God is omniscient; this means that he knows everything… but what does everything include? Every actual thing? Or every possible thing? It must be the latter. If that were not true, then there would be things that would be logically possible to know that our “omniscient” God did not know… and we can’t have that.

God is omnipresent; this means that he is everywhere… and this means he is everywhere fully and at the same time. But what does everywhere include? Every actual place? Or every possible place? It must be the latter. If that were not true, then there would be places where it was logically possible to be that our “omnipresent” God could not be… and we can’t have that.

God is omnitemporal; this means that God exists at all times at the same time. But what does “all times” include? All actual times? Or all possible times? It must be the latter. If that were not true, then there would be times when it was logically possible for an “omnitemporal” God to be that he could not be… and we can’t have that.

God is omnipotent; this means he has unlimited power — and the universe displays this! (Romans 1:18-20). But what does “unlimited” include? The power to conceptualize and build the actual universe? Or the power to conceptualize and build every possible universe? It must be the latter. If that were not true, then there would be universes that were logically possible for God to conceptualize and create that our “omnipotent” God could not create… and we can’t have that.

Okay… now here’s the magic. This combination of attributes makes it possible for God to be present in an infinite number of universes (via his omnipresence) and watch us live every one of our possible lives in real-time — but at the same time (because of omnitemporality). Since God spends no time or energy (because of his omnipotence) doing this, he can create or conceptualize any number of possible universes, and all the data from every possible permutation is continually available to him (via his omniscience).

A God who knows this kind of “everything” can compare every life’s counterfactuals with every other life’s counterfactuals. That is, he considers every possible life with an understanding of how it would affect every other person’s life… because their lives, too, are being evaluated in the same instant. Now, do you ever wonder why and how you are here… living this particular life? Molinism has the answer.

God — who has all the data from the infinite number of lives he’s observed us living — chooses one from among those where we freely received Jesus Christ. But he has other objectives, too. So he also selects the life that will give optimal benefit to his kingdom. Then he actualizes that life… and we live that life… and here we are reading this! ... trying to figure out election!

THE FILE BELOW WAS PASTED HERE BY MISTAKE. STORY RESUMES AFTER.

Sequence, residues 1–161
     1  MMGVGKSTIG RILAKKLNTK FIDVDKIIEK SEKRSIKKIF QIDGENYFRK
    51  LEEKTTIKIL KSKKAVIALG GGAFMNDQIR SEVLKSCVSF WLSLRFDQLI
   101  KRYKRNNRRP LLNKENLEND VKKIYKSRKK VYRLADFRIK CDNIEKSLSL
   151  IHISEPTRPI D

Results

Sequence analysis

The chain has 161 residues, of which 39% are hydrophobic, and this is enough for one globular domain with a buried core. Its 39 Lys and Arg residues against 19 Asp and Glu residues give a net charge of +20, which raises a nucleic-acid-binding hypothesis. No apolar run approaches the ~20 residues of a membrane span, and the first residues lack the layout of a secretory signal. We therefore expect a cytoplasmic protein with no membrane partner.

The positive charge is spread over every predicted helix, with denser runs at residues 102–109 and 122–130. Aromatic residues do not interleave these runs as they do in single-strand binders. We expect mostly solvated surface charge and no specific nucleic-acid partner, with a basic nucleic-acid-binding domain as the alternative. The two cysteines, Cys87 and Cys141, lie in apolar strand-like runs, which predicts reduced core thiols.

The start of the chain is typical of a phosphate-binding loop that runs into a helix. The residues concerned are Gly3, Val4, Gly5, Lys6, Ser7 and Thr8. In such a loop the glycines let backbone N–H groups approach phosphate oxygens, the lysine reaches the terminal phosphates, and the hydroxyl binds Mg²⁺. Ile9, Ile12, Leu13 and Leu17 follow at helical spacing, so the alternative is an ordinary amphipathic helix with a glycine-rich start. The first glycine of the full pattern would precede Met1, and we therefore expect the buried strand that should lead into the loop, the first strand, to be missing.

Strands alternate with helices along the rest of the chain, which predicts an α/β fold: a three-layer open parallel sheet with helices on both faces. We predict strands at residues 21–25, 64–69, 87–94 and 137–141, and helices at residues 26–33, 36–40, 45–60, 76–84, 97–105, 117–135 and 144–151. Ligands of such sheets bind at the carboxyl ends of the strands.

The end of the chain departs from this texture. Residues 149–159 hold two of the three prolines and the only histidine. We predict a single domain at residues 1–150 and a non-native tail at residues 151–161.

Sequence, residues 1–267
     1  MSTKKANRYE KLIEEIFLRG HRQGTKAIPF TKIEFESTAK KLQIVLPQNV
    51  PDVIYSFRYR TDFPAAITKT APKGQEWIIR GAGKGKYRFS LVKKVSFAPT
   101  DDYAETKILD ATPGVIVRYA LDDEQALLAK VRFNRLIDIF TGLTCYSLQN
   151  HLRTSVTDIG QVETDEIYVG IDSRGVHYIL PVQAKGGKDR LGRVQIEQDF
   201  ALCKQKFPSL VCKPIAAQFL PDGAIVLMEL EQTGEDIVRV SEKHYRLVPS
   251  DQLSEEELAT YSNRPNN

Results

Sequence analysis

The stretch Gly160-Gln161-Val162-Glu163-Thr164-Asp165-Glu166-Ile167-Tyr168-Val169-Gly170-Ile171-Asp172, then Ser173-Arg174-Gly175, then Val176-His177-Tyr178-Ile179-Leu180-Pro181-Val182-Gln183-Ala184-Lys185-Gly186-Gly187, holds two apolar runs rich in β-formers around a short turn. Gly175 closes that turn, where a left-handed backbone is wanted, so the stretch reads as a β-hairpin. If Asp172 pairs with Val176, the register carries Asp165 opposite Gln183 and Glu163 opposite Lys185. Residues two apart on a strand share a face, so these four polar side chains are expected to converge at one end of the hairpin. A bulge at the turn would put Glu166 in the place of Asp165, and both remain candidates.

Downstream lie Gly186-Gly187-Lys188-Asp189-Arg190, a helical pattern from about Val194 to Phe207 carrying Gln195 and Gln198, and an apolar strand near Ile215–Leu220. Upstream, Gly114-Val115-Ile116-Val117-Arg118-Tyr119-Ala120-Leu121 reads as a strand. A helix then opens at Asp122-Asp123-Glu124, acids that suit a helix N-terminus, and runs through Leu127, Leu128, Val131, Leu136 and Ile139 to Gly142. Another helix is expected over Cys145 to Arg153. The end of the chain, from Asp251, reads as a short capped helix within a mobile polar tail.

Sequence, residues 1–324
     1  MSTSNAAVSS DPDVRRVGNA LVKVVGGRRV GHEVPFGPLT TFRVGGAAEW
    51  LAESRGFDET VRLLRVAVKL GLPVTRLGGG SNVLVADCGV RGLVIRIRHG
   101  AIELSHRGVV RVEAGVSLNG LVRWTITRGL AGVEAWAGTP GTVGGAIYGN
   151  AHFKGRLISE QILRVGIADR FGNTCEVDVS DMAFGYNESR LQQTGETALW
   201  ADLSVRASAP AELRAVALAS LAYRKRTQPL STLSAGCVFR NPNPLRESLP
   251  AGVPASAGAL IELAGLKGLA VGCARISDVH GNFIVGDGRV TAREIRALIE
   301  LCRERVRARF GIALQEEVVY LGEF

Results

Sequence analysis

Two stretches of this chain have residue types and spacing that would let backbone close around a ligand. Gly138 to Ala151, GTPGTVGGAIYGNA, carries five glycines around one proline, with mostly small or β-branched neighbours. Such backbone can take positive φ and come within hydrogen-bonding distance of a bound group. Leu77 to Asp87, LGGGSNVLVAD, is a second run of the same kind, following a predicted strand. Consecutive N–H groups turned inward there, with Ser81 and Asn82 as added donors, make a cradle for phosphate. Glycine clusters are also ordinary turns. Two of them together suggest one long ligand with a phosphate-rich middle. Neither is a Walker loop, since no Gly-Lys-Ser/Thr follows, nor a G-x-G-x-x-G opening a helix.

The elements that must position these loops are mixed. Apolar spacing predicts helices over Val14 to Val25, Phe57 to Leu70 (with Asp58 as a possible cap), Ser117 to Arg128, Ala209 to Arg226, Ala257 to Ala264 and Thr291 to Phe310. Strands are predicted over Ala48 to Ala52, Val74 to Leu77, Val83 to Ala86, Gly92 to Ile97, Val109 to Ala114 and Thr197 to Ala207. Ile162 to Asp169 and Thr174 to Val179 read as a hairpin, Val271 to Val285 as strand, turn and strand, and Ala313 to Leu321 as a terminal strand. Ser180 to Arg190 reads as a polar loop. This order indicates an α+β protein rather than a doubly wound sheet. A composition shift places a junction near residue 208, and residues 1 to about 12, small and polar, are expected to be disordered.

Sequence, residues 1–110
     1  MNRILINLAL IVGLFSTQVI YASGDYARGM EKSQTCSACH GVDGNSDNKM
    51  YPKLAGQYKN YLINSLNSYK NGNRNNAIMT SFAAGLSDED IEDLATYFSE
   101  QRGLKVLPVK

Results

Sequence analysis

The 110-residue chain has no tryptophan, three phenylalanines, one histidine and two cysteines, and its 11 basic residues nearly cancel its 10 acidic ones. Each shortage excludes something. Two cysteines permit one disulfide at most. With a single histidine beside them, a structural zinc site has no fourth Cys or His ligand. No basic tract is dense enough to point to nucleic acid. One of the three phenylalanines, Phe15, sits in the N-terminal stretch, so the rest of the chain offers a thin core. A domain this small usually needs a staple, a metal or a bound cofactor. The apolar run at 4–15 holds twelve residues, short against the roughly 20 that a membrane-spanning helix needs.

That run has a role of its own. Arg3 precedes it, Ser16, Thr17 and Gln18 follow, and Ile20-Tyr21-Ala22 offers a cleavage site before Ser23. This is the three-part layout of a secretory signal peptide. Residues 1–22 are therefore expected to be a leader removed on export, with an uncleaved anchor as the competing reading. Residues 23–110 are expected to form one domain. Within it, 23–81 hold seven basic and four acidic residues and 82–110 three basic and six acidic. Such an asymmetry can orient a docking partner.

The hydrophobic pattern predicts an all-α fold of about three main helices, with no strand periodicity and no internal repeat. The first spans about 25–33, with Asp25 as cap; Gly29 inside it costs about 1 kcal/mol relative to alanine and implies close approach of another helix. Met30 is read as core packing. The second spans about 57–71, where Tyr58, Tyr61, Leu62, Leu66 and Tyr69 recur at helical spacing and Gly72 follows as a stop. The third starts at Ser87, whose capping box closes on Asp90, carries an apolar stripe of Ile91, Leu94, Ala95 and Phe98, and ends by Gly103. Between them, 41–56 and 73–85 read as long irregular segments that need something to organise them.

What election does is guarantees that the life you are living is the best possible life for both you and for God. As such, the question should be, since God handed you the best life of all your possible lives… shouldn’t you be handing the best one back to him?

Molinism also shows us why the condemnation of the lost is necessary but not cruel. You see, God doesn’t actually condemn anyone. People condemn themselves (John 3:18) — and they do so by rejecting Christ in spite of an infinite number of chances to grab onto him (John 3:16; John 6:44). Nevertheless, God still actualizes whichever life of the unsaved will best fit his objectives because even the unsaved have roles to play in God’s kingdom.

But why wouldn’t he annihilate the unsaved instead… and save them (and us) from all the unpleasantness of eternal damnation? Dream on! Annihilating a person on the grounds that they chose not to grab God’s outstretched arm would also annihilate free will. That’s how important the free will of humankind is to God.

Besides, if 100% of the population got saved, then it would be obvious that the process was not free… and that someone made null the “free” choices of millions of people. A world like that would prove that free will is a sham… and we can’t have that… even at such a high price.

So note this well: we are all living our lives in real-time while making real choices. It’s just that God (in his omniscience) saw that — in this particular life — we would choose to be saved. And since God had a hand in the redemption process before the foundations of the world (1 Peter 1:20), we are legitimately classified as “the elect” from before the foundations of the world… while those who chose not to listen to God are legitimately classified as “the lost” — aka the non-elect... and that's how election works under Molinism.